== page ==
Shifting borders - Architecture - Domus
Italian Limes
 

Shifting borders

A visionary project at the Venice Biennale on the “shifting border” of the shrinking Alpine glaciers portrays changing lands and the fragile balance of their ecosystem.

 

Architecture / Francesca Acerboni

What is a border between two places, especially in the case of the fine line of the limes running through the perpetual Alpine glaciers which – thanks to global warming – are melting before our very eyes, placing the entire ecosystem at risk? This is the focus of the geo-poetic “Italian Limes” installation brought by Marco Ferrari and Elisa Pasqual, founders of Folder, to the 14th Venice Architecture Biennale.

“Italian Limes” is a more philosophical than geographic, environmental or even legal reflection on what border really means today when a United Europe has weakened (if not erased) the concept of borders between countries. It has not, however, eliminated the numerous visible signs – approximately 8000 boundary stones and metal plaques – that remain the silent testimony to these borders.

Folder, <i>Italian Limes</i>, Arsenale. Photo Francesco Galli. Courtesy la Biennale di Venezia

Folder, “Italian Limes”, Arsenale. Photo Francesco Galli. Courtesy la Biennale di Venezia


This was the starting point for Ferrari and Pasqual along with their team: the borders traced in the 1920s by the Istituto Geografico Militare (IGM); the old late-19th century technology of photogrammetry used to map areas; and the natural frontier of the Alps which, with ridges and watersheds, draw a line that unites Italy to (or separates it from?) the rest of Europe. A border almost 2,000 km long that the Italian government recently had to legally redraw with its neighbouring states – France, Switzerland and Austria – introducing the concept of “shifting border”.

Subversive and uncertain, this new limes shifts at the same speed as the accelerating shrinkage of the glaciers and hand in hand with ever more precise measuring thanks to increasingly sophisticated technology.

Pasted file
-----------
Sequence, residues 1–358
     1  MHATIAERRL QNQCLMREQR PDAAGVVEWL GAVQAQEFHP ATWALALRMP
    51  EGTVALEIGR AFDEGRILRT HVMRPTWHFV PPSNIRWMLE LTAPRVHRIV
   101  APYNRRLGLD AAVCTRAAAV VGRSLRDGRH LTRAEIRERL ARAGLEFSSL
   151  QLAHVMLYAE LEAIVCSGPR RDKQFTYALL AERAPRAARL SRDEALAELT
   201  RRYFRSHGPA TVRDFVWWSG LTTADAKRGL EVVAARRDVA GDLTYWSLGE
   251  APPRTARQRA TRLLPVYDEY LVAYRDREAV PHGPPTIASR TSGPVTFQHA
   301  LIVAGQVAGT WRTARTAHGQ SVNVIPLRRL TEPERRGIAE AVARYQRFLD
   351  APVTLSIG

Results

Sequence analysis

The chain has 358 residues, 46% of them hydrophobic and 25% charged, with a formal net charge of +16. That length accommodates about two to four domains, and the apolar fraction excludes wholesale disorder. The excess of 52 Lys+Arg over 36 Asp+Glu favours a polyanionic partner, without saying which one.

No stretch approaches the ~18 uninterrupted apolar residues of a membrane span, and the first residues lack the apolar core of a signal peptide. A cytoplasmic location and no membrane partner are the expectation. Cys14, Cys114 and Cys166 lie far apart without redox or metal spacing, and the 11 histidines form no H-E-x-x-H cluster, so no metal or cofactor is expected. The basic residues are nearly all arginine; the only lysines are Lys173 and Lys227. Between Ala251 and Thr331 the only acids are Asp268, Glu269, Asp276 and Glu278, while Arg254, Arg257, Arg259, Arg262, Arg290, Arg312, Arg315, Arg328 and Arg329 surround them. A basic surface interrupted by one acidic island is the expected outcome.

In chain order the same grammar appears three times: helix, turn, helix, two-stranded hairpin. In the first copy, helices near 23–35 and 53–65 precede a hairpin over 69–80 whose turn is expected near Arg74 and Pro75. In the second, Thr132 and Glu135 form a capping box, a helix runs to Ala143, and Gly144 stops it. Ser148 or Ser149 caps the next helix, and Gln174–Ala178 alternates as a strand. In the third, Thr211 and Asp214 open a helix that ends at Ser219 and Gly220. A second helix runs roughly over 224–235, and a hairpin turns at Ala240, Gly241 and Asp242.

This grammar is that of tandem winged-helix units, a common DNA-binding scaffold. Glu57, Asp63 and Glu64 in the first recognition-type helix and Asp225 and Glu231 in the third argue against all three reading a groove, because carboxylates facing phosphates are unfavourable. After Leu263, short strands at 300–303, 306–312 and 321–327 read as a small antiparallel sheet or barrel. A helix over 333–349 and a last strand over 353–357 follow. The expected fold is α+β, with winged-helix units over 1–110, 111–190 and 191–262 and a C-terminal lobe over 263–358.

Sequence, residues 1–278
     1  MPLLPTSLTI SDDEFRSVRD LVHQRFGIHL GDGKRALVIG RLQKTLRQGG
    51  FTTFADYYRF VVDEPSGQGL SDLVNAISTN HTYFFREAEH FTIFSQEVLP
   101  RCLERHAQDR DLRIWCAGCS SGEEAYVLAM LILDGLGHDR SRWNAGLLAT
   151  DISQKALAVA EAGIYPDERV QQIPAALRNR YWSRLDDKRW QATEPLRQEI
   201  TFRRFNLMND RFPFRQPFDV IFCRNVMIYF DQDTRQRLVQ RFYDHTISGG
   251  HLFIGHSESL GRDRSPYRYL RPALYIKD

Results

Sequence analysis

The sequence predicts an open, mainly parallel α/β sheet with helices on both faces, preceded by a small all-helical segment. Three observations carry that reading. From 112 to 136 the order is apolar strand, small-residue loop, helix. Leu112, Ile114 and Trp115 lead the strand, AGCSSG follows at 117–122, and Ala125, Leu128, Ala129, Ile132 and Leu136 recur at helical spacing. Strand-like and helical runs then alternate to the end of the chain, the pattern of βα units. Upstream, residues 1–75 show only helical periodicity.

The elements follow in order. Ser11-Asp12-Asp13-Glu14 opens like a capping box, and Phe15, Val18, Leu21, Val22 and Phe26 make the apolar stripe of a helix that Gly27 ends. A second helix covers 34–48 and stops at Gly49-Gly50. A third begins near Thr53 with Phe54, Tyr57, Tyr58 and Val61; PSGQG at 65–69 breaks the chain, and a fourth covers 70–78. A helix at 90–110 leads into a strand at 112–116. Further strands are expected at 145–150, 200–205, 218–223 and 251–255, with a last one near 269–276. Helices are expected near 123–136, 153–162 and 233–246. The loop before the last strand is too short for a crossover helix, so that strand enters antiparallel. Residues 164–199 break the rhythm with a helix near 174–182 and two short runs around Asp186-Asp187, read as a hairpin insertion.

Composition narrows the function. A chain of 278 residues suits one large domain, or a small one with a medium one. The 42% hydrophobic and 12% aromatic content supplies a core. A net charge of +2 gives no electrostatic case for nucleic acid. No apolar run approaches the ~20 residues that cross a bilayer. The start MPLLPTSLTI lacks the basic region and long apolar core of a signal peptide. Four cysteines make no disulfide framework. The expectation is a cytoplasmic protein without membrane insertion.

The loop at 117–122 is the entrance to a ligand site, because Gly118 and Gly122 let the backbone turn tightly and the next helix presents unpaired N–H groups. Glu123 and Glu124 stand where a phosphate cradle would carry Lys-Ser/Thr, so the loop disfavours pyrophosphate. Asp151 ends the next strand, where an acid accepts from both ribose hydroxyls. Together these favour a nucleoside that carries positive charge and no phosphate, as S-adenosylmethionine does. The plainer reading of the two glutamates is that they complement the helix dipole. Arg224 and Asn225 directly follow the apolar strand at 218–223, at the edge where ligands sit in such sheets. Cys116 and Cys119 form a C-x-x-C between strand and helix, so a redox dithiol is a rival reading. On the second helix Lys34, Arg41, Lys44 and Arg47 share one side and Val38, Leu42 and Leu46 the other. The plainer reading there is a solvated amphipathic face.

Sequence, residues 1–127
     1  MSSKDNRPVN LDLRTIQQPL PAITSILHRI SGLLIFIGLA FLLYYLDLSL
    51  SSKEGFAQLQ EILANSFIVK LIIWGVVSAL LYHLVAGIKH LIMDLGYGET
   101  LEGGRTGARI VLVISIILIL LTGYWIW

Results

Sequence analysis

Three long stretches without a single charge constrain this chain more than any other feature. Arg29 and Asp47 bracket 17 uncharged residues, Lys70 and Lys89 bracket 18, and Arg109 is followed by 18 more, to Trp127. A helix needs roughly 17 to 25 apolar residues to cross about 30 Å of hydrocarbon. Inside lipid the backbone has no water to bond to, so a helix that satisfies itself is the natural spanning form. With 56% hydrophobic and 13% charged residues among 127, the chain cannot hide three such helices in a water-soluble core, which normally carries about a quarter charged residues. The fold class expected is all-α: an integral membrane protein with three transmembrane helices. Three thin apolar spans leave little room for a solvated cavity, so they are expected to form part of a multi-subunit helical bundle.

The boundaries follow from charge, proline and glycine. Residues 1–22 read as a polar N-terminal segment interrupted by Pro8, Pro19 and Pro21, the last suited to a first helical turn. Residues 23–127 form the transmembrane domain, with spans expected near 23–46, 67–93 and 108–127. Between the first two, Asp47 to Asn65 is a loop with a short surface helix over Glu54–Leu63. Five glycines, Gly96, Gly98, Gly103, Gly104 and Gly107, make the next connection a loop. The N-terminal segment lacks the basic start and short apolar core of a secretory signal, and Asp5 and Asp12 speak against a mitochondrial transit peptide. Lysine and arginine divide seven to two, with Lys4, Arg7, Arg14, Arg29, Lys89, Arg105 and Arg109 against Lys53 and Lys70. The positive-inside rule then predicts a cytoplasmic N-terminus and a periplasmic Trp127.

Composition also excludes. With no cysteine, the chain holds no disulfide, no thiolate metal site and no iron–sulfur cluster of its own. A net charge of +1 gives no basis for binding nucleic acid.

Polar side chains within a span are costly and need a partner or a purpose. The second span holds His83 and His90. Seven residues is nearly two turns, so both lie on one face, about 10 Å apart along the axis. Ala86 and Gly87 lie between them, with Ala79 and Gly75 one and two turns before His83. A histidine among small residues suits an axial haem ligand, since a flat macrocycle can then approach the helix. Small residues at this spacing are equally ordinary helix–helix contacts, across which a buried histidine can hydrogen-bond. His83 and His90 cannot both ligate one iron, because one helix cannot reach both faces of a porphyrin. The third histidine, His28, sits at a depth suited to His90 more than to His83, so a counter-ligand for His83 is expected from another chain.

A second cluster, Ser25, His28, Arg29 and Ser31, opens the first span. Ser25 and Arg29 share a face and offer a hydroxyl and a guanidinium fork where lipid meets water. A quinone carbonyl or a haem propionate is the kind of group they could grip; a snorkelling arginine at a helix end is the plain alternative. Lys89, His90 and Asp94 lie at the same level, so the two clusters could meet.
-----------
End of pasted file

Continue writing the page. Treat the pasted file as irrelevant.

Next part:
Folder, <i>Italian Limes</i>, Arsenale. Photo Francesco Galli. Courtesy la Biennale di Venezia

Folder, “Italian Limes”, Arsenale. Photo Francesco Galli. Courtesy la Biennale di Venezia

Folder developed the idea of a research and monitoring project that would portray the fragility and mutability of a section of the Alpine border in real time. They chose a small area belonging to Italy and Austria: the Similaun perpetual glacier, at the end of Val Senales in Alto Adige. On 4 May 2014, the Folder team accompanied by a mountain guide climbed to the glacier at a height of 3,300 m and installed five solar-powered GPS units, anchored in the snow at intervals of 200 m along a 1 km stretch of the border. The GPS sensors – with a casing self-produced in Turin’s FabLab – are linked by satellite to a pantograph installed at the Arsenale, which can graphically reproduce, hour by hour, the shift in the border prompted by the glacier’s movement and shrinkage on a local map. The natural border becomes visibly mobile in the wake the ecological and environmental processes underway.

Folder, <i>Italian Limes</i>, Arsenale. Photo Francesco Galli. Courtesy la Biennale di Venezia

Folder, “Italian Limes”, Arsenale. Photo Francesco Galli. Courtesy la Biennale di Venezia


The “Italian Limes” installation and design at the Biennale clearly sum up the four phases of a work that condenses several levels and interpretations: two border lines are projected onto a 3D model of the glacier: one traced in 1920 by the IGM and the more recent 2012 one, the line of which has shifted from the historical border by up to a few hundred metres at some points. A pantograph developed with Pietro Leoni and linked to the GPS sensors on the glacier traces the border on a pile of maps, slightly shifted each time. 

Folder, <i>Italian Limes</i>, Arsenale. Photo Francesco Galli. Courtesy la Biennale di Venezia

Folder, “Italian Limes”, Arsenale. Photo Francesco Galli. Courtesy la Biennale di Venezia


A fascinating archive section then exhibits Istituto Geografico Militare material and equipment dating from the 1920s on for the very first time. Finally, splendid photographs by Delfino Sisto Legnani record last May’s expedition. The monitoring of the glacier and its changing limes will last throughout the summer of 2014. Although this will certainly not put a halt to the dangerous process of shrinking glaciers, it will try to raise awareness and focus on the issue of the phenomenon’s huge environmental impact.

Folder, <i>Italian Limes</i>, Arsenale. Photo Francesco Galli. Courtesy la Biennale di Venezia

Folder, “Italian Limes”, Arsenale. Photo Francesco Galli. Courtesy la Biennale di Venezia


A far from conventional local project – which received a Special Mention from the Biennale – the Folder exhibition highlights new points of view, prompting inevitable questions on the future of the planet with a gaze that is both free and original.

Italian Limes is a project by Folder (Marco Ferrari, Elisa Pasqual) with Pietro Leoni (interaction design), Delfino Sisto Legnani (photography), Dawid Górny, Alex Rothera, Angelo Semeraro (projection mapping), Alessandro Mason (production), Claudia Mainardi.

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